At the wartime LSE, which had been evacuated to Cambridge, Griffith met his wife, Barbara Garnet, a student of economic history and disciple of Eileen Power. They married after graduation in 1941. Influenced by Aldous Huxley’s Ends and Means (1937), Griffith registered as a conscientious objector, serving as a field ambulanceman in the Middle East. But nagging doubts over the seriousness of the fascist threat and of the sacrifices being made by his comrades led him to apply for deregistration, after which he obtained a commission. He ended the war as a major in the Indian army.
After demobilisation, he was appointed lecturer at the University College of Wales, Aberystwyth, but returned to the LSE in 1948 as a lecturer in law. He was appointed to the chair in English law in 1959 and then, in 1970, to that of public law.
Shortly after his retirement from the LSE in 1984, Griffith was approached by academics at Manchester University to ask whether he would stand in an election for chancellor. The incumbent, the Duke of Devonshire, had just stepped down, and the authorities proposed to replace him with the Marchioness of Anglesey. But the Association of University Teachers noticed that there was provision for an election. Reassured that his chances of success were minimal, Griffith allowed his name to go forward. To his great surprise, he won and went on to serve a seven-year term with great dignity and propriety.
Griffith was a highly charismatic teacher, who genuinely liked the company of young adults, and inspired loyalty in many friends and colleagues. Above all, he was a ferociously independent character who loathed pomp and took a kind of pride in his modesty. Although he was awarded honorary doctorates by Edinburgh, York (in Toronto) and Manchester universities, and was elected fellow of the British Academy in 1977, he quashed attempts to produce a festschrift in his honour on retirement.
He unerringly maintained his political and intellectual stance in the face of changes that saw many on the left embrace rights discourse as a remedy to political issues. For Griffith, conflict remained at the heart of modern society and, since laws could be nothing other than statements of power relations, law could never provide a substitute for politics. The struggle for rights, he argued, remains political throughout, and legislation such as the Human Rights Act is merely “the statement of a political conflict pretending to be a resolution of it”.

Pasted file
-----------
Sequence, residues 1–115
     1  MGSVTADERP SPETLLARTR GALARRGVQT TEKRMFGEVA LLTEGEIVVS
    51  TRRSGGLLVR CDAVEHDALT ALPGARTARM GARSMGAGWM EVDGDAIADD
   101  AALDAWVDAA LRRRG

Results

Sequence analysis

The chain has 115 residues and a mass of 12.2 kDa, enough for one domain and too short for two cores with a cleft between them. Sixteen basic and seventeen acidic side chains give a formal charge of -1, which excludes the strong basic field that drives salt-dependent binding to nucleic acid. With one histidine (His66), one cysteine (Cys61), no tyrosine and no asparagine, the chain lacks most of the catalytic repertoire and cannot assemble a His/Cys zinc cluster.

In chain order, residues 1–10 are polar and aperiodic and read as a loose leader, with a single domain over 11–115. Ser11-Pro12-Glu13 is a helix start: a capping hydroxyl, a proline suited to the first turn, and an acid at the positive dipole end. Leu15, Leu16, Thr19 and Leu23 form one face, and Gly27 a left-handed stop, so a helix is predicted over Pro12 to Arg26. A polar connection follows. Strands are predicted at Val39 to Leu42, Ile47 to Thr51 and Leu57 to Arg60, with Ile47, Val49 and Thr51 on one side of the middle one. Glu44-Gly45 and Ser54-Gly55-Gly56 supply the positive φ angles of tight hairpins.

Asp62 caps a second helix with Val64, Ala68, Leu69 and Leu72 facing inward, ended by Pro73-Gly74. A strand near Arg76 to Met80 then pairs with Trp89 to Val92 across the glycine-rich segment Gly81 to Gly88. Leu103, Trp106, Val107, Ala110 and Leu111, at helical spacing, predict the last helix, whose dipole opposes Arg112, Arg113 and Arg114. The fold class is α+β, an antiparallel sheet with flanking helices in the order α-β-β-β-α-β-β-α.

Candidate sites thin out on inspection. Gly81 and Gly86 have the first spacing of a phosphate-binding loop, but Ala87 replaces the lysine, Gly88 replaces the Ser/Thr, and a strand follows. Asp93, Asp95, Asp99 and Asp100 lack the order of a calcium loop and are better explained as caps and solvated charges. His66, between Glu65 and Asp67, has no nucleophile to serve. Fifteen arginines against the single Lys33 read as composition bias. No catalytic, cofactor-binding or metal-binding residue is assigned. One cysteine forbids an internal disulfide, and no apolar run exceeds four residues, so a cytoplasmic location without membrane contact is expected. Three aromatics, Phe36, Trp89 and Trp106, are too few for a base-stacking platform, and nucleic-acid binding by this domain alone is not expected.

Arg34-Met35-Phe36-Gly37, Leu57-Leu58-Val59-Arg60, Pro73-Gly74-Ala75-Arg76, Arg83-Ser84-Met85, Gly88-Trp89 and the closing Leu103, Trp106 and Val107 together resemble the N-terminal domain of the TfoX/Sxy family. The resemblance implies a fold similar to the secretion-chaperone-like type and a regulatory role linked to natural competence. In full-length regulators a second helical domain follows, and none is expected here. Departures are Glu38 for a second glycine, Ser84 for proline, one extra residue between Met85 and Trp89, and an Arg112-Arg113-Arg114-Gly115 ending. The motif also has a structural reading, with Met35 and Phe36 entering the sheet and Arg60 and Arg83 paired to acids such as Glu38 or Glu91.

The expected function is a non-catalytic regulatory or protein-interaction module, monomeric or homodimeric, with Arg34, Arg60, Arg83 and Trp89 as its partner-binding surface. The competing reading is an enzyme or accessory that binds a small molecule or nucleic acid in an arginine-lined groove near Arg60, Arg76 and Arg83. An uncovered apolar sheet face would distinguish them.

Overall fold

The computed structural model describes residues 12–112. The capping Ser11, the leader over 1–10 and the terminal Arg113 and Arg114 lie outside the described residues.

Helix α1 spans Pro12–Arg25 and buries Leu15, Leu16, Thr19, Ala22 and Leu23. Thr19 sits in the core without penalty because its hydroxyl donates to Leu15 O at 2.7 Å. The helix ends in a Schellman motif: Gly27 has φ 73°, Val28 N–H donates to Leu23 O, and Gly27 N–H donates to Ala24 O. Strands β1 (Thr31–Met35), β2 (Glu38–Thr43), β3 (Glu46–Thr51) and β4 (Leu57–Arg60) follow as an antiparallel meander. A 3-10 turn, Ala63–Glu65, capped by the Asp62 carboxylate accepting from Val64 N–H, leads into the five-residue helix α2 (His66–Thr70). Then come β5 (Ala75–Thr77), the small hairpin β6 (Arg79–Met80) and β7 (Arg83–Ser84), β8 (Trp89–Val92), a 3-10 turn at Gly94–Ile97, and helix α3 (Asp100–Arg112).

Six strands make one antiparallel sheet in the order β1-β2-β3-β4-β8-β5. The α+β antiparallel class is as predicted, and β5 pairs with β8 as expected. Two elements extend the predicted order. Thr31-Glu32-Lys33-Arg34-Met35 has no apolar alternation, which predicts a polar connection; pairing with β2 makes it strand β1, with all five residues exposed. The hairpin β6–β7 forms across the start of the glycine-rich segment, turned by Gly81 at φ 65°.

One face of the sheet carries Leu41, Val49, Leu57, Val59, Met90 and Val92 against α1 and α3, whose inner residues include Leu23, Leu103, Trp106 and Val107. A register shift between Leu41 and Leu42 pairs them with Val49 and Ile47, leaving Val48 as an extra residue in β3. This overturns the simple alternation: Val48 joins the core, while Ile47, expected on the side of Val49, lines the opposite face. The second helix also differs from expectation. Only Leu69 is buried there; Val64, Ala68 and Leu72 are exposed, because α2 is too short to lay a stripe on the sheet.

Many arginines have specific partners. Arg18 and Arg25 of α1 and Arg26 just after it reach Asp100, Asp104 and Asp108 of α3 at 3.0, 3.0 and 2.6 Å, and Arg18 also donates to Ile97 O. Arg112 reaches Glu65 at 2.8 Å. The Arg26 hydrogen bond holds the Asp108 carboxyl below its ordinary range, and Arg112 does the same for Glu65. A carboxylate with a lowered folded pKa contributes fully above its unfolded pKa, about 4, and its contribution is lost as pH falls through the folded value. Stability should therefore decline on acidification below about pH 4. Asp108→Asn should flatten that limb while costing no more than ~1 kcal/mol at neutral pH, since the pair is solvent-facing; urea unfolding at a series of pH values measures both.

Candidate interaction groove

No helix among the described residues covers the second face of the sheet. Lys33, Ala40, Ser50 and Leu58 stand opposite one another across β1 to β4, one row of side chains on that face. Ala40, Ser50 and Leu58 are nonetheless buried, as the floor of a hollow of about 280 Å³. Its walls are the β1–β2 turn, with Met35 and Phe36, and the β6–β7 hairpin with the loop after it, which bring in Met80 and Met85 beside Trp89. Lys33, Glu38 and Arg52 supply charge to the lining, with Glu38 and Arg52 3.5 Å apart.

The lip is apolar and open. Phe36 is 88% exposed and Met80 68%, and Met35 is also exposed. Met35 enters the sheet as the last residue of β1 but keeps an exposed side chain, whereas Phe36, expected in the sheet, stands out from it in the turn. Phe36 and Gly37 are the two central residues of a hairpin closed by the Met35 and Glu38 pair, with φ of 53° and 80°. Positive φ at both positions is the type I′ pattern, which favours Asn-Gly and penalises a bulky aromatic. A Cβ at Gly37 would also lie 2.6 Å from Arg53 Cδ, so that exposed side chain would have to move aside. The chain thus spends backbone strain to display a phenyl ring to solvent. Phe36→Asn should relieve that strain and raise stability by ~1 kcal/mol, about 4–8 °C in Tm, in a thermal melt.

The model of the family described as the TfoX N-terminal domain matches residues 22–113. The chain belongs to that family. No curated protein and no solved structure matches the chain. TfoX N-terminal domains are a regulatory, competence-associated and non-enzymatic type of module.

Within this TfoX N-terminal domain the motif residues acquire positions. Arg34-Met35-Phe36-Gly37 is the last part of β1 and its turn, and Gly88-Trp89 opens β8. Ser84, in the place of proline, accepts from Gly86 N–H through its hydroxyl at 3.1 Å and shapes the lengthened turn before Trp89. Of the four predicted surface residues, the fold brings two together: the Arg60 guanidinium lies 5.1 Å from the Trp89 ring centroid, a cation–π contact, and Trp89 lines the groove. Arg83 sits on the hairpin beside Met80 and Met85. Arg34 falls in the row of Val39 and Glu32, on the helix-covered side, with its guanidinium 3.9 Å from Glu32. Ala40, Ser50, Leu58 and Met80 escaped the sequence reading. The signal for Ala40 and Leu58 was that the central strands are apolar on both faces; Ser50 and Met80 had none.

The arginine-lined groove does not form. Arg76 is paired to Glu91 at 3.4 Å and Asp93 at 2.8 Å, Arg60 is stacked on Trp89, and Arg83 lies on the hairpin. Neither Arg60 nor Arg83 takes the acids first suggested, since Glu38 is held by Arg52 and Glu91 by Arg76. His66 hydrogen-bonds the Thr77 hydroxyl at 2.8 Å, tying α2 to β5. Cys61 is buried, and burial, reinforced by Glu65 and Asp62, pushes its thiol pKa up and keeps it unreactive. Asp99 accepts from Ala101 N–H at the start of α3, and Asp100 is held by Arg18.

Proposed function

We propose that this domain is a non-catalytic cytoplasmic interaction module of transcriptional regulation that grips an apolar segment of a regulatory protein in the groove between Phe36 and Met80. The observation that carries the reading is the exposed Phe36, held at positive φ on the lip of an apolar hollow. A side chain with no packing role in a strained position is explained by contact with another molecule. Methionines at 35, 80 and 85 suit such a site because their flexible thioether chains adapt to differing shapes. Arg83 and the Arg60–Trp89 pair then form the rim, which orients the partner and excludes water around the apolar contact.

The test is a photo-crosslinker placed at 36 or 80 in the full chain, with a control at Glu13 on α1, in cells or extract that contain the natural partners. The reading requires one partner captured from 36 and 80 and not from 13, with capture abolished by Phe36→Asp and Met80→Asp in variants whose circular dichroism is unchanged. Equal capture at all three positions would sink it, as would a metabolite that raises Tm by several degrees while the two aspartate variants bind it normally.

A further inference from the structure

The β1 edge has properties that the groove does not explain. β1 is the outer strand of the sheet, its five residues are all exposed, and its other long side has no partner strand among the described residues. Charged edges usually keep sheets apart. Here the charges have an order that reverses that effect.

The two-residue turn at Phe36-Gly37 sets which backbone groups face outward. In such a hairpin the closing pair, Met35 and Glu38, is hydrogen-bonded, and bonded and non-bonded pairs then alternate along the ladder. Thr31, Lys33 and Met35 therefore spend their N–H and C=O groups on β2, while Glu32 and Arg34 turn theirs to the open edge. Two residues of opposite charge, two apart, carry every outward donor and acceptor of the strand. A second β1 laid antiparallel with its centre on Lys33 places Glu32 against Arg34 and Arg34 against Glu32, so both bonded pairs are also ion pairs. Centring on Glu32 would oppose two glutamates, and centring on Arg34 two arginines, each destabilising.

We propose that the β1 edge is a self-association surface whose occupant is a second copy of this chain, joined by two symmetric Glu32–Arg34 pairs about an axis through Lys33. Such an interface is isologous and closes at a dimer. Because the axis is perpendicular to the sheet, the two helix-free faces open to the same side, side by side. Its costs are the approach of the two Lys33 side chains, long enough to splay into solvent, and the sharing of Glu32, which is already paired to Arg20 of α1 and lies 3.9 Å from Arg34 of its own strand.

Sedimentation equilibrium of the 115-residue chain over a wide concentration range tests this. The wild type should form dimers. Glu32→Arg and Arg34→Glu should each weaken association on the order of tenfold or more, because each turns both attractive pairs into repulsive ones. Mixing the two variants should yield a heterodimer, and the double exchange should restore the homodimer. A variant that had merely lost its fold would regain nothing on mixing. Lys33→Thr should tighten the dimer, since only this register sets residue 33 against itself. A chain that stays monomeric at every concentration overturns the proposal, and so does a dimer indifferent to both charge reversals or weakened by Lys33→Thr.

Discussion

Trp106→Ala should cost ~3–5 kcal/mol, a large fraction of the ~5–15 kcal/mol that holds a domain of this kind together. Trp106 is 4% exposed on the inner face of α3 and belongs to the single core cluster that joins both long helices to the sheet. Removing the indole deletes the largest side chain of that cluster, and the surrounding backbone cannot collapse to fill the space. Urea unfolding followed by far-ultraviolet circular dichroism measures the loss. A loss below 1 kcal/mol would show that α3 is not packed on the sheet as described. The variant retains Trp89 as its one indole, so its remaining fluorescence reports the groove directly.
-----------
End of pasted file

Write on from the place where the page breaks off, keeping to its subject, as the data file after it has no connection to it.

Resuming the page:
Like the legal scholar and philosopher Jeremy Bentham, highly influential in the 19th century, Griffith was scathing of attempts to refashion law as a metaphysical entity. The idea of “the rule of law”, when extended beyond the need to ensure that government operates in accordance with the laws, is, he suggested, “a fantasy invented by Liberals of the old school in the late-19th century and patented by the Tories to throw a protective sanctity around certain legal and political institutions and principles which they wish to preserve at any cost”. He despaired of the range of proposals for “radical constitutional change being advanced by a number of rather improbable people”.
His healthy longevity owed much to the strength of his bond with Barbara, to whom he referred as “the centre that holds”. She survives him, as do his children, Sarah, Adam and Ben, his five grandchildren and three great-grandchildren.
Pete Cresswell wrote this response:
In 1970 I was expelled from Liverpool University for taking part in the occupation of the Senate House; nine other students were suspended. We were protesting against the then Chancellor, Lord Salisbury, and the university’s investments in South Africa.
Five of us went to LSE to ask Professor Griffith for his advice. He startled us by saying that if we wanted him to represent us at the appeals he would be happy to do so. The thought hadn’t even occurred to us but needless to say we were more than happy to accept. So, one of the most distinguished academics in Britain came to Liverpool, crashed in a student flat in Liverpool 8 for a couple of weeks and took on the University of Liverpool on our behalf. The university in those days (happily much changed since) was so reactionary that I doubt if Clarence Darrow and Rumpole of the Bailey combined could have got us off, and the sentences were upheld.
However, much has since changed for the better, and our celebration last March of the 40th anniversary of the occupation led to an exchange of amicable letters with the current vice-chancellor, Sir Howard Newby. Professor Griffith – I never had the nerve to call him John – spoke to me on the phone, and was very fondly remembered at our reunion. What a great man.